The Madia tribe in Gadchiroli district, Maharashtra—some 175 kilometres from Nagpur—is one of the 75 particularly vulnerable tribal groups in India. They are dependent on the forests for most of their day-to-day needs including food, fodder for their livestock, timber, water, and fuelwood.
The collection of fuelwood is a major part of their yearly work. Community members including men and women have to walk long distances in deep forest areas to collect dry wood. They usually stock up on fuelwood during the summer months, which lasts for an entire year.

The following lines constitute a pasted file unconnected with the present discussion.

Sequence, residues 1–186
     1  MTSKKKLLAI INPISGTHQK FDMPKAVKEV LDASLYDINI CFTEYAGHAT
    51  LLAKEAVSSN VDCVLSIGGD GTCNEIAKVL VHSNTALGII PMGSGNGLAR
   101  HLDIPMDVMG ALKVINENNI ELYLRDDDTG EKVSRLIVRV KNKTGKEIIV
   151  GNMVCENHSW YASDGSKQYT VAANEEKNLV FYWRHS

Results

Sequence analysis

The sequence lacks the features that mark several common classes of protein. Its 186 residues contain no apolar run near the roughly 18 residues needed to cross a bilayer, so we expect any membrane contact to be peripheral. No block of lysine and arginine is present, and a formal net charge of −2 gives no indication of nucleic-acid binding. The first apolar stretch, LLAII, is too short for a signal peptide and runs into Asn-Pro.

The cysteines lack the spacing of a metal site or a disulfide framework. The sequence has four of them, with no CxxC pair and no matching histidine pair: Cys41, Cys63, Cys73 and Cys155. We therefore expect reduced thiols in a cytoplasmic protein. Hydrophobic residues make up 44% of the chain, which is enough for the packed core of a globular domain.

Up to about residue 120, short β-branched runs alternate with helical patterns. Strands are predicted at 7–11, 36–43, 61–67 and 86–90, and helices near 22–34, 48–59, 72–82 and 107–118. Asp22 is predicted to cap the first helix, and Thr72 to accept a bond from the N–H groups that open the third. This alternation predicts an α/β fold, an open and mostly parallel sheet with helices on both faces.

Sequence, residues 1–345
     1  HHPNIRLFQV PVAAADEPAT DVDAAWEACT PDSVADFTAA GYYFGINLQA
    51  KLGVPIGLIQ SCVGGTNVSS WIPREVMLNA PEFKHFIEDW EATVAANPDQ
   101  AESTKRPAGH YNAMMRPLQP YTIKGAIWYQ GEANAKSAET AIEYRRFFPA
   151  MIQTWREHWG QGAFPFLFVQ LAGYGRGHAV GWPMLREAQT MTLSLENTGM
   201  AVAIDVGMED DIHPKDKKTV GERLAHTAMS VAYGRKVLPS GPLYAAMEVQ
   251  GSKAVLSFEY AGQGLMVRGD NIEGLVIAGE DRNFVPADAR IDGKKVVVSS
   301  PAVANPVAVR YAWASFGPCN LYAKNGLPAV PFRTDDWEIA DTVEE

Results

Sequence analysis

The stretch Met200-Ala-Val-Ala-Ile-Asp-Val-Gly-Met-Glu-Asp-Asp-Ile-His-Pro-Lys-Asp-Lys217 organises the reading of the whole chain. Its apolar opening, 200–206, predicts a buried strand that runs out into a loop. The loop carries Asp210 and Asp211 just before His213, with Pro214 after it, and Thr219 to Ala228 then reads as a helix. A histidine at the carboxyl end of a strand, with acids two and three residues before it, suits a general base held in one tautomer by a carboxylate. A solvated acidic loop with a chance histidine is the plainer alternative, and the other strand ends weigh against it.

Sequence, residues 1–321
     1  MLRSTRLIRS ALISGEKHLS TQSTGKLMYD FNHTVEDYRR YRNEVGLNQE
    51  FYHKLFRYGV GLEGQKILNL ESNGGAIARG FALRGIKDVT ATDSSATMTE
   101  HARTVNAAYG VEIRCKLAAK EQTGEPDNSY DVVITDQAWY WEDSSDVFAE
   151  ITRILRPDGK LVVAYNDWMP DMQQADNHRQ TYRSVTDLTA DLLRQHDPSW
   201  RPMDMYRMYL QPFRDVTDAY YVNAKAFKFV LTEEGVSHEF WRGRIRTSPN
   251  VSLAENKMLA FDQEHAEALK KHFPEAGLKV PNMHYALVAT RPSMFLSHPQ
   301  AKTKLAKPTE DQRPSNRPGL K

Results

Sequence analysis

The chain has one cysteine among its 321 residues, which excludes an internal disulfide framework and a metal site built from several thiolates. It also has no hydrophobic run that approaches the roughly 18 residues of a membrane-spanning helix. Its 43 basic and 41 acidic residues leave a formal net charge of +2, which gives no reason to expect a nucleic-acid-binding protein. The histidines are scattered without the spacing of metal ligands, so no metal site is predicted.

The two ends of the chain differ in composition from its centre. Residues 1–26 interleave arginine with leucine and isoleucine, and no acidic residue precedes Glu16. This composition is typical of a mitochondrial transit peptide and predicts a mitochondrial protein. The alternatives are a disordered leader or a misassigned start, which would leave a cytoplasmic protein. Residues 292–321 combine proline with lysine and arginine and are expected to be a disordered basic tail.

Though gas cylinders are available across the district, affordability is a major issue for the Madia families in the region. Majority of the community members live below the poverty line, and as a result, the community continues to be dependent on forests as a source of fuelwood.
Simit Bhagat is a social development practitioner and filmmaker based out of Mumbai.
Know more: Read about why it is important for the social sector to work with Adivasi communities, instead of for them.
Do more: Connect with the author at S.Bhagat@alumni.ids.ac.uk to understand more about and support his work.